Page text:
With Tony Pena effectively shipped off to the Chicago White Sox, most DBack fans seem to be pleased with the Brandon Allen swap. Looking closely at Pena’s peripherals it is confusing as to why he always seems to be perpetually struggling.
After performing to adequate expectations in 2007 with a stat line of 85.1 IP, 63 H, 36 R (31 ER), 31 BB, 63K with an ERA of 3.27, Pena never blossomed into the dominant closer/set-up man Arizona was hoping he’d be. Looking closely at his 2007 line, Pena’s walks were up at the ratio 3.27 per 9 innings. His strikeouts numbers were decent but not spectacular, despite averaging a 95 mph fastball, giving him a K/9 of 6.64 putting him at 2 to 1 in K/BB per 9. A major sign that Pena may have gotten a bit lucky in ’07 with a very low BABIP of .236 and a LD rate of 11% (way below his usual average of 20%) thereby giving him a true ERA of 4.25, calculated in terms of FIP.
Forgive me if much of this has been previously covered but the point of starting out with Pena’s 2007 season is to show how much of a contrast DBack fans have witnessed since then. In his next one and a half seasons, Pena has effectively cut down his walks to an excellent ratio of 2.11 last year and 2.83 so far this year. His Ks also went up a slight tick giving him a K/9 of 6.44 and 6.94 this season. However, with improved command and a track record of keeping the ball in the yard (on average) with better than average HR/9 ratios of 0.84 in ’07 and 0.62 and 0.77 the last year and a half, things haven’t turned out quite like we hoped. His ERA has been a very high 4.33 and 4.11 so far this season and his BABIP has gone from very low in 2007 to a rather high .329 last season and .352 this season.
One thing Pena has always been despite a fastball averaging in the 95 mph range is hittable, which is strange given the hard slider and high frequency of groundballs allowed in his repertoire. One possible comp I looked at was Kyle Farnsworth, another hard throwing fastball/slider pitcher who, despite his excellent K/9 ratio of 9 or 10 plus, always seems to be on teams regretting his presence on their roster. But to be fair to Pena, this comp doesn’t exactly work: first, Pena’s fastball has more movement (Farnsworth’s FB is notoriously straight making him an extreme FB/LD pitcher) and his command and ability to keep the ball in the park is far better than Farnsworth – but one troubling trait both pitcher’s share is that they always seem to be pitching to contact. Both pitchers are near the average in terms of contact made by opposing hitters inside the strike zone as well as being above the average in terms of getting opposing hitters to chase outside pitches.
As you can see the contact percentage in that area isn’t exactly elite.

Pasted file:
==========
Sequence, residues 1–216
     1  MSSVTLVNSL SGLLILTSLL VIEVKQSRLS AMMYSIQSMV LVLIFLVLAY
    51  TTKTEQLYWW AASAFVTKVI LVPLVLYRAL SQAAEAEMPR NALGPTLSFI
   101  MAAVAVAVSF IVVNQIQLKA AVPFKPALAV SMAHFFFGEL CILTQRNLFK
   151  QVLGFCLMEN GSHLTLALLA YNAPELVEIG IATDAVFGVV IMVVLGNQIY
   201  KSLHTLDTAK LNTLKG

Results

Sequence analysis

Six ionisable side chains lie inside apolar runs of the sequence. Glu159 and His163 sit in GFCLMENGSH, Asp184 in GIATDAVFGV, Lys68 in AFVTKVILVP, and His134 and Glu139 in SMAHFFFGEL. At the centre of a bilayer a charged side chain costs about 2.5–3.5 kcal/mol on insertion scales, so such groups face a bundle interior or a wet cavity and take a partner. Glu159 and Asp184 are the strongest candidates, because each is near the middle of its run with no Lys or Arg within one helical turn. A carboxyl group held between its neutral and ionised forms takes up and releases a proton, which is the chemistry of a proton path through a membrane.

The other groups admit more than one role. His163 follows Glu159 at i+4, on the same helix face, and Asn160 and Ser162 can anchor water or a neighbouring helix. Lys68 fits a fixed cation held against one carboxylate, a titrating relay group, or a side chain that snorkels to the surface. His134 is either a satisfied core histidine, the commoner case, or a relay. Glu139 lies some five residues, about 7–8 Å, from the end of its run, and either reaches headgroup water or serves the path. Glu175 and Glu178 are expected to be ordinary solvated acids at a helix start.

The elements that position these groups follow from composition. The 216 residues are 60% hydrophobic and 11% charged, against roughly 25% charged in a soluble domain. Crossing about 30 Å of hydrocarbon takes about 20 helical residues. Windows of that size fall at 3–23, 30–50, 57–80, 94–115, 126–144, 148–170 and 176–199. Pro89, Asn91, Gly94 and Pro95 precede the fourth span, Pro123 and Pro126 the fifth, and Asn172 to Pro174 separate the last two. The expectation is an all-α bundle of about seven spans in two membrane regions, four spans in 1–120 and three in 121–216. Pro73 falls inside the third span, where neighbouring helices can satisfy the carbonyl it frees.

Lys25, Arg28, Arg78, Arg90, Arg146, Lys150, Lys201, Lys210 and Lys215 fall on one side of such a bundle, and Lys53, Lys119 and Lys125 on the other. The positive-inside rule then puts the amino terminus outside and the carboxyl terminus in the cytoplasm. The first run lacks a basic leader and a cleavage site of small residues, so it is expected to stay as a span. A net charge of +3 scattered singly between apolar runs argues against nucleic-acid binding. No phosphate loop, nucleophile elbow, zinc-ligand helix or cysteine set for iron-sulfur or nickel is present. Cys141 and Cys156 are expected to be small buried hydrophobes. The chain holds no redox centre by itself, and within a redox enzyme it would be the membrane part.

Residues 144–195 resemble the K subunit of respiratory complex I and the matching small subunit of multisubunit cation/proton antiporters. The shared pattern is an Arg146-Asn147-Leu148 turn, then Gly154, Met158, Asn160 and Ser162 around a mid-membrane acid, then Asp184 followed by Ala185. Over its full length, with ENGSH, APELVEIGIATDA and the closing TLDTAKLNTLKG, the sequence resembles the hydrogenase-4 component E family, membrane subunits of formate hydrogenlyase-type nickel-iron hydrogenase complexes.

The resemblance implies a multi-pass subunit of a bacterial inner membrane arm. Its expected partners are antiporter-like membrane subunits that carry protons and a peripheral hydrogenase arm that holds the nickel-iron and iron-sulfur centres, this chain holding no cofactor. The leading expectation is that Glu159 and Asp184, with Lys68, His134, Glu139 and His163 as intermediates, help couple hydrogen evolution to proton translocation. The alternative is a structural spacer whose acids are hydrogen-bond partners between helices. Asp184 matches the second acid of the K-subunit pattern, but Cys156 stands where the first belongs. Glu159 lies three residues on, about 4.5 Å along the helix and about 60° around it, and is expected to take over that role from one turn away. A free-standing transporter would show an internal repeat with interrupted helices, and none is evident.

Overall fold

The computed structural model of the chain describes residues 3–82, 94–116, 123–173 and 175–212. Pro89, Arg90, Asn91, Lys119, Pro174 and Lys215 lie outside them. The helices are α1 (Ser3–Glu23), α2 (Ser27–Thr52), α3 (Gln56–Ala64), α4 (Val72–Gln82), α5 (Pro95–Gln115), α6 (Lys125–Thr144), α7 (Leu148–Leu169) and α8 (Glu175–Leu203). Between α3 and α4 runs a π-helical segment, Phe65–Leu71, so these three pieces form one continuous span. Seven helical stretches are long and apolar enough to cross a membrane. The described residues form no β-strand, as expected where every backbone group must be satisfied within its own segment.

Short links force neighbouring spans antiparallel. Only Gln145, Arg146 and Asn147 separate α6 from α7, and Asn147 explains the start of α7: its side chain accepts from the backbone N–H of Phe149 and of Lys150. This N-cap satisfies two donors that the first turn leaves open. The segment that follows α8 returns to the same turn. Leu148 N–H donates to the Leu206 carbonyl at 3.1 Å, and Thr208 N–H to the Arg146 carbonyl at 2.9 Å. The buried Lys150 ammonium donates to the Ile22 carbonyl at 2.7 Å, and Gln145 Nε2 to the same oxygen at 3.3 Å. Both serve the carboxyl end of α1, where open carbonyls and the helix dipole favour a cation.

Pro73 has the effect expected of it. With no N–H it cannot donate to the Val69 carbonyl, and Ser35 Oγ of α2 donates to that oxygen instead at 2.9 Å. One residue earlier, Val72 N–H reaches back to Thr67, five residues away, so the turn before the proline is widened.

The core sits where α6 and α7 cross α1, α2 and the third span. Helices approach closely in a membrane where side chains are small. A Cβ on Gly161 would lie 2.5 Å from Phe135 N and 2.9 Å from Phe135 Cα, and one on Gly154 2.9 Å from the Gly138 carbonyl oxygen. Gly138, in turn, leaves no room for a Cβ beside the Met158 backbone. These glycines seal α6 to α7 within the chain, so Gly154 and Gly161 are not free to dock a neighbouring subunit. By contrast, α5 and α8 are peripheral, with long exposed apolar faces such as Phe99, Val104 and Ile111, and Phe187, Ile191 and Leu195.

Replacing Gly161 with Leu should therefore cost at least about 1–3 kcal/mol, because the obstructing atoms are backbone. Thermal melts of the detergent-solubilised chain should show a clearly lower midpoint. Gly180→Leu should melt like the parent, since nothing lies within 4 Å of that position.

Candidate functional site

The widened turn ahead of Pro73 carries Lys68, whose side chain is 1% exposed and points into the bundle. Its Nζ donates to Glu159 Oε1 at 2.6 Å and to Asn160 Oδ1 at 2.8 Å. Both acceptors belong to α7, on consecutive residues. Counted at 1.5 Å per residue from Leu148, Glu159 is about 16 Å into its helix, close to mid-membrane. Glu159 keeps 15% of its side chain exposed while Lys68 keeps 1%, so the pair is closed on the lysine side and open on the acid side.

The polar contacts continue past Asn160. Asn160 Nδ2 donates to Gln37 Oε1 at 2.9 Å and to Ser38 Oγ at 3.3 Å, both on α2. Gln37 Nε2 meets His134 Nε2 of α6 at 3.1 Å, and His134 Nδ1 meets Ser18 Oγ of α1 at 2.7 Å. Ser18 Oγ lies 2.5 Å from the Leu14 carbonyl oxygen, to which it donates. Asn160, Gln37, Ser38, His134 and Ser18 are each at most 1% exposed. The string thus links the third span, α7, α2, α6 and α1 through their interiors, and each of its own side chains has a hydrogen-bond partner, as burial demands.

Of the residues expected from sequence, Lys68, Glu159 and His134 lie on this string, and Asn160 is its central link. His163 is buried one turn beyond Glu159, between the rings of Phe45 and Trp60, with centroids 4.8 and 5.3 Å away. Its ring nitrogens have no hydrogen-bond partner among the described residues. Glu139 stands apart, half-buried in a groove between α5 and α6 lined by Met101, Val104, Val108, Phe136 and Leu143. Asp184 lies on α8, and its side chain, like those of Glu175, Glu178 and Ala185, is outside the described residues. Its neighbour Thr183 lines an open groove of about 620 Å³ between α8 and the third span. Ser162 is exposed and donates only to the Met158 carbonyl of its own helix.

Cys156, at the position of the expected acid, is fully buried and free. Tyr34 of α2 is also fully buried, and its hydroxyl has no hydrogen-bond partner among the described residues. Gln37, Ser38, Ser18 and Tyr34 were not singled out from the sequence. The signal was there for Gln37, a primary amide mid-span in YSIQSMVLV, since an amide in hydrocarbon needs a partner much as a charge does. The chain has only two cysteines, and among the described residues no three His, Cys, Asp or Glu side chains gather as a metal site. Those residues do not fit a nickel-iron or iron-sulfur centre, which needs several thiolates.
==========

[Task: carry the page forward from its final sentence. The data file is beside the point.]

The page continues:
Looking at the player traded for Pena it’s hard to argue that Josh Byrnes may have panicked and sold low. Brandon Allen is a 23 year old power hitting first baseman scheduled to try his hand in Reno until a roster spot opens later this season. A lot has been written about Allen’s recent power outage since moving up to AAA, but with improvement in his contact and BB/K ratio (his K% dropped from 26% to 19.5% in his first 274 plate appearances this season while his BB percentage stayed consistent at 11%) signs may be pointing to his improvement as an overall hitter.
Looking over Allen’s contact totals at minorleaguesplits.com does show that his swing may be bit off, this year at AAA Charlotte his GB% has been way up while his LD% are slightly below league average totals. Since coming to Reno after the trade, his power and FB% has seemingly returned, albeit in a small sample of four games.
On the defensive scale, some have criticized his defense since being drafted in 2004 as a Texas high schooler but looking at Sean Smith’s at baseballprojection.com, Allen has rated as an average fielder throughout his minor league career and shouldn’t be seen as too much of a liability at 1B.
Right now, I can see things going either way in this trade. Pena is going to a team that seems to have a fetish for acquiring bullpen power arms that have shown promise in previous seasons, while we acquire a sorely needed near MLB-ready power bat to possibly follow Upton and Reynolds in the order. Going from one hitter friendly park to another shouldn’t affect Pena’s ability to keep the ball in the park (debates between NL and AL batting orders notwithstanding) and as long as Pena continues to keep to BB ratio low and his GB% up around 40+%, mere luck in terms of a lower (or league level) BABIP may be all that is needed to set Tony Pena back on the right track again.
In terms of Brandon Allen, we’ll wait and see come September.